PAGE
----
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Herschel Jantjies selection speaks to 'team first' Bok culture

By Neil de Kock
(Photos by EJ Langner/Gallo Images and PATRICK HAMILTON/AFP/AFP via Getty Images)

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While the Springbok forward pack is unchanged from their last encounter against the All Blacks in the Rugby Championship, the backline has seen some alterations ahead of the clash against Wales.


Owing to Faf de Klerk’s hip injury and subsequent surgery, South Africa’s hand has been forced at scrumhalf. It must have been a close call between Herschel Jantjies and Cobus Reinach.

In many ways, the selection of Jantjies at number nine creates competitiveness within the squad because I’m sure in Reinach’s heart of hearts he believes he should be starting against Wales at the Principality Stadium on Saturday. Jantjies is also capable of scoring 80 metre tries, but Reinach brings that real X-factor element. He is extremely robust and reminds me of Byron Kelleher of yesteryear, who was so dynamic and strong on the break.

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You’re not going to stop those types of players with one-arm tackles. Most forwards would be able to grab a scrumhalf and make a tackle with one arm, but such is his pace and power that you have to put in a proper hit and get a shoulder on Reinach to stop him.

Jantjies has been backed and will be fine in terms of driving the Bok game plan in the wet conditions. While his strengths lie in sniping around the fringes and speeding up the game, the Test against Wales presents a great opportunity for Jantjies to get back to the form he was in when he first broke onto the international scene. He has been in the system for a long time now and knows what is required from a game driver at number nine.

I expect the Stormers scrumhalf to execute the kicking game well as he has proven his worth in that area before. From what I know of him, Reinach is an extremely competitive individual, but he will always put the team first. That is the beauty of the current squad the Springbok coaching staff have put together. The decision to make the three backline changes would have been planned meticulously after the Rugby Championship concluded.

At fullback, Willie le Roux makes way for Damian Willemse. It’s difficult to say what Willemse’s best position is and there has been much conjecture on the subject within South African rugby circles. Everyone thinks of the talented 23-year-old as either a flyhalf or fullback, but I reckon that inside centre could potentially prove to be his most suited position.
He has pretty much got the full package. He is sound defensively, boasts brilliant distribution skills, great feet and is pretty physical.


In the modern game, fullback has become an increasingly important position from a defensive and organisational point of view. The 50/22 law, which is still in its infancy, has introduced an element of change particularly for the fullbacks. In the past, you could have thrown your wingers up flat and hedged your bets, but now you run the risk of losing possession if you leave yourself exposed at the back.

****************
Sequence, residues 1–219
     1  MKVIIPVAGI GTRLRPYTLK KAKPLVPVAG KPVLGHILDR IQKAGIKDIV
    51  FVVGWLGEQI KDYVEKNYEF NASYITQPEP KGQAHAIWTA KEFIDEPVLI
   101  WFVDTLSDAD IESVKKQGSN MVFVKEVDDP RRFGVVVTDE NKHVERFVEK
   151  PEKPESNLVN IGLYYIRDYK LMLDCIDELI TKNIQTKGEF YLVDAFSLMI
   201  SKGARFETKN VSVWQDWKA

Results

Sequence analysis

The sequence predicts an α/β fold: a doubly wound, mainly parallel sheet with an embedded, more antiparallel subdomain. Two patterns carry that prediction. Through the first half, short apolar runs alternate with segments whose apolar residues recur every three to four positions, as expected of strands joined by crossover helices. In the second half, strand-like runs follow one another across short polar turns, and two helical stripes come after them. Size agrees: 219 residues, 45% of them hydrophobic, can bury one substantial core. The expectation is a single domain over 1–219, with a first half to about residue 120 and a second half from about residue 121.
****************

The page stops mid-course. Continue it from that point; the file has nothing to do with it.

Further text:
Apart from defence, these days your counter-attacking ability from the back is key and that is where Willemse is going to be particularly strong. The best teams’ ability to counter off poor kicks and mistakes is critical in packaging an all-round fullback. In entrusting Willemse with the role, Jacques Nienaber and Rassie Erasmus clearly have faith in the ex-Paarl Roos Gymnasium playmaker.

However, in any back three mix you need to make sure that you have some calmness when it comes to decision making and your defensive positioning. I feel that is partly why Jesse Kriel was selected on the wing in the absence of S’bu Nkosi, and the former’s presence will aid Willemse against Wales.

In terms of the Springboks’ record in Cardiff, it’s unreal that the reigning world champions last beat the Welsh there in 2013. Wales have always prided themselves on being one of the few nations to take the Boks on upfront. By all accounts they have always been extremely effective at it, especially on home turf. Wayne Pivac’s men will attempt to do pretty much the same, but on this occasion I believe they are a little thin in the forward pack. In the 37th meeting between the two nations, I expect South Africa to have more firepower upfront and, off the back of that, it puts the backs in a better position.


Given the Springboks’ impressive defensive record in recent times, I reckon Pivac is a smart enough coach to realise that to continue attacking against an unbelievable defence might not be the answer. Wales might start with an attacking intent but, if they aren’t making any inroads against the men in green and gold, I would imagine they would revert to a more conservative Warren Gatland-type game plan. The way Pivac previously coached at club level was extremely attacking and ambitious in terms of approach. However, ever since he started with Wales, he has become more conservative.

Following an 11-year career with Saracens, which saw him earn 264 caps, Neil de Kock now works in the rugby division at the Stellenbosch Academy of Sport in South Africa. De Kock, who featured in 10 Test matches for the men in green and gold, provides RugbyPass with expert opinion and insight focusing on the southern hemisphere sides and, in particular, the Springboks.


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